At the summit’s opening ceremony — held at National University of Singapore’s University Cultural Center — Douglas D. Osheroff, professor emeritus of physics at Stanford (and the winner of the Nobel Prize in Physics in 1996) gave the keynote address on “How Advances in Science are Made.” Cool, I thought. This could be something I’ll understand. I was mostly wrong. Professor Osheroff began discussing his work in condensed-matter physics. There were slides demonstrating nuclear magnetic resonance frequency spectra. I tried to keep up for a brief while before my brain became muddled.
But then Professor Osheroff’s talk took a turn. He started mixing in explanations of his research and projects with personal photos and anecdotes. He showed us a picture of his wife of nearly 43 years (biochemist Phyllis Liu-Osheroff, Ph.D.) on their honeymoon and explained how important it is to choose a good mate.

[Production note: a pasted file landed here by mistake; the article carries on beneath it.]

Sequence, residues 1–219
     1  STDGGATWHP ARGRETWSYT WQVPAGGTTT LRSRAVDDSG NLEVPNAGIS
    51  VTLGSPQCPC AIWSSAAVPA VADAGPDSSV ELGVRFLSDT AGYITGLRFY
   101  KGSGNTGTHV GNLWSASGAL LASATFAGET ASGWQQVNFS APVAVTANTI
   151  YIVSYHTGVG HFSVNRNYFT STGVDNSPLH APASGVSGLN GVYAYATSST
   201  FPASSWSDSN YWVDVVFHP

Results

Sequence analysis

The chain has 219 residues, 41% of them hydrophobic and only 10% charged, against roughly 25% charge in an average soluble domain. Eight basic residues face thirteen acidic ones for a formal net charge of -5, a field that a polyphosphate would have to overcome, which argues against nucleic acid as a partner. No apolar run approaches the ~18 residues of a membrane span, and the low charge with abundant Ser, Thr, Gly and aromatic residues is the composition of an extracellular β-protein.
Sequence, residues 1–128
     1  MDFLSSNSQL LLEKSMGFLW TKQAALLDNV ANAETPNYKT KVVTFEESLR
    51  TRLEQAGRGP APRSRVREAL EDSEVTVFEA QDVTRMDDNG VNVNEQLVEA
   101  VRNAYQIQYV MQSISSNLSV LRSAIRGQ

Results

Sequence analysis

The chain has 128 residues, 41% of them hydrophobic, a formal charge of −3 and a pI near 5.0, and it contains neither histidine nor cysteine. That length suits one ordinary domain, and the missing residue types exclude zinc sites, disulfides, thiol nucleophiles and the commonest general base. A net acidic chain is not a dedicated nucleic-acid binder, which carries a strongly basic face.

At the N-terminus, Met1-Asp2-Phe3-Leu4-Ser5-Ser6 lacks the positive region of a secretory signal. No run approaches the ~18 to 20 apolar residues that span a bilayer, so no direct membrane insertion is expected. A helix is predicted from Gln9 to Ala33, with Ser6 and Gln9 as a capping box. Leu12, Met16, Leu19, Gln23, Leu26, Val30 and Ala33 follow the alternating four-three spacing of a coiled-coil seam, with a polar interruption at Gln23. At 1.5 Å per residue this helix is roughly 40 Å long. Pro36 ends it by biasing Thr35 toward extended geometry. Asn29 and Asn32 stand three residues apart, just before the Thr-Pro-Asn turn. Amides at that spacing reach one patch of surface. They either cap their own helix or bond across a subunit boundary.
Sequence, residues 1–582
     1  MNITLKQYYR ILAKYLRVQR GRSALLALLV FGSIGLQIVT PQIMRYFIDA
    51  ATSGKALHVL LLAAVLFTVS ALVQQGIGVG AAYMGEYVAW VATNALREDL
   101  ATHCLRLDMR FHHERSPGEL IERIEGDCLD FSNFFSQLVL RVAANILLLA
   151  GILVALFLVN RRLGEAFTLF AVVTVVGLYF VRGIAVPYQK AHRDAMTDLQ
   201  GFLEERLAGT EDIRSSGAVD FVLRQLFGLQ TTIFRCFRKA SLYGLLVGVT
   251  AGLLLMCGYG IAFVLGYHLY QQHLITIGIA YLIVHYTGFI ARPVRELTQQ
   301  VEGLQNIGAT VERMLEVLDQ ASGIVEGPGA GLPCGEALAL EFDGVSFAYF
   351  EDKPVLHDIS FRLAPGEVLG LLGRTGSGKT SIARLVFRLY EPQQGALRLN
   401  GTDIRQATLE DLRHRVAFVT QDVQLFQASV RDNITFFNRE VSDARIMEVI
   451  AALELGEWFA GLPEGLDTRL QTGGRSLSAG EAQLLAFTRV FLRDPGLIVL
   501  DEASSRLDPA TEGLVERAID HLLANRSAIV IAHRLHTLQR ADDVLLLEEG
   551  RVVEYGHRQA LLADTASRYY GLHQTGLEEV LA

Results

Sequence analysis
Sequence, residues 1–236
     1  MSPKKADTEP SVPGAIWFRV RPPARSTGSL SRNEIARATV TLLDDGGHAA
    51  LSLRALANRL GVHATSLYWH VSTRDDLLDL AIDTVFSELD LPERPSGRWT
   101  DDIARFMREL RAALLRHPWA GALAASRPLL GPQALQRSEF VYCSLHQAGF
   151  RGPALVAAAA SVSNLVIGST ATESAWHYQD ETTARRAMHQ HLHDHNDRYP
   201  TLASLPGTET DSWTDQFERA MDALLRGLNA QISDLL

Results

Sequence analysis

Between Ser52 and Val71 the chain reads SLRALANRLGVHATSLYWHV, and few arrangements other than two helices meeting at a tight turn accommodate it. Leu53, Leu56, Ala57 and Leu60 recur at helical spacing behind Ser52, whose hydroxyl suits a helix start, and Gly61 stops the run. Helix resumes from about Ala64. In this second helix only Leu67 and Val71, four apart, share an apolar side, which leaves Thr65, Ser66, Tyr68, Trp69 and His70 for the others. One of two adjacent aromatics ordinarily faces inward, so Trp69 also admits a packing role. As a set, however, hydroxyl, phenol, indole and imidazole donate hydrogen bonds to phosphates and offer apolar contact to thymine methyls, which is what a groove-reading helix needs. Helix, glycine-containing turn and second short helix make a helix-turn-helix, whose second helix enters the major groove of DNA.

Lastly, he had a little advice for the young researchers in the audience: “Back off from what you are doing occasionally, to gain a better perspective on the task at hand,” he told them. And an important function of gatherings like GYSS? To “encourage scientists to interact with each other — this is how advances in science are made.”
Now that sure makes sense to me.